The Impossibility of Inverted Reasoners

Acta Analytica 25 (4):499-502 (2010)
Abstract
An ‘inverted’ reasoner is someone who finds the inferences we find easy, inversely difficult, and those that we find difficult, inversely easy. The notion was initially introduced by Christopher Cherniak in his book, Minimal Rationality, and appealed to by Stephen Stich in The Fragmentation of Reason. While a number of difficulties have been noted about what reasoning would amount to for such a reasoner, what has not been brought out in the literature is that such a reasoner is in fact logically impossible. This is what I hope to demonstrate in this paper
Keywords Reasoning  Rationality  Inference  Relativism
Categories (categorize this paper)
DOI 10.1007/s12136-010-0108-7
Options
 Save to my reading list
Follow the author(s)
Edit this record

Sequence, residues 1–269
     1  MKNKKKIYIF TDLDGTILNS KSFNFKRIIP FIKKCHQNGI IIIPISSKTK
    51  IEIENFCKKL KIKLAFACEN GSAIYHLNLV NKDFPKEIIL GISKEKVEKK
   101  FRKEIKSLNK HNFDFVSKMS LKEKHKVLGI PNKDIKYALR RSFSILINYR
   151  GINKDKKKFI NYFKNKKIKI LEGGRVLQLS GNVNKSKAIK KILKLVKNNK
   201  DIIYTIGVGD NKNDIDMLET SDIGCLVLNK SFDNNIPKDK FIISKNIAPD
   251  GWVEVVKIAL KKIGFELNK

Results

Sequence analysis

My bibliography
Export citation
Find it on Scholar
Mark as duplicate
Request removal from index
Revision history
Download options
Our Archive


Upload a copy of this paper     Check publisher's policy     Papers currently archived: 30,224
Through your library
References found in this work BETA
Are There More Than Minimal a Priori Limits on Irrationality?John I. Biro & Kirk A. Ludwig - 1994 - Australasian Journal of Philosophy 72 (1):89-102.

Add more references

Citations of this work BETA

No citations found.

Add more citations

Similar books and articles
Added to PP index
2009-01-28

Total downloads
13 ( #362,378 of 2,192,001 )

Recent downloads (6 months)
1 ( #289,023 of 2,192,001 )

How can I increase my downloads?

Monthly downloads
My notes
Sign in to use this feature